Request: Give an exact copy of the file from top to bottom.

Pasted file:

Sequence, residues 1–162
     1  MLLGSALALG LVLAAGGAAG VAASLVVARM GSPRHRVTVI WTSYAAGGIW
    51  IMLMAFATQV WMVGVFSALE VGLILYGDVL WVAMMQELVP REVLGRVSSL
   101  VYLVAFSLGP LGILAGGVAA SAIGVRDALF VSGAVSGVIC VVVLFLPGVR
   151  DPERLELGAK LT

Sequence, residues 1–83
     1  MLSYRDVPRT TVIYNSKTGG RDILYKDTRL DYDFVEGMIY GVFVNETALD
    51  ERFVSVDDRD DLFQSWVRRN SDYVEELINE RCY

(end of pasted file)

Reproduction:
Sequence, residues 1–162
     1  MLLGSALALG LVLAAGGAAG VAASLVVARM GSPRHRVTVI WTSYAAGGIW
    51  IMLMAFATQV WMVGVFSALE VGLILYGDVL WVAMMQELVP REVLGRVSSL
   101  VYLVAFSLGP LGILAGGVAA SAIGVRDALF VSGAVSGVIC VVVLFLPGVR
   151  DPERLELGAK LT

Sequence, residues 1–83
     1  MLSYRDVPRT TVIYNSKTGG RDILYKDTRL DYDFVEGMIY GVFVNETALD
    51  ERFVSVDDRD DLFQSWVRRN SDYVEELINE RCY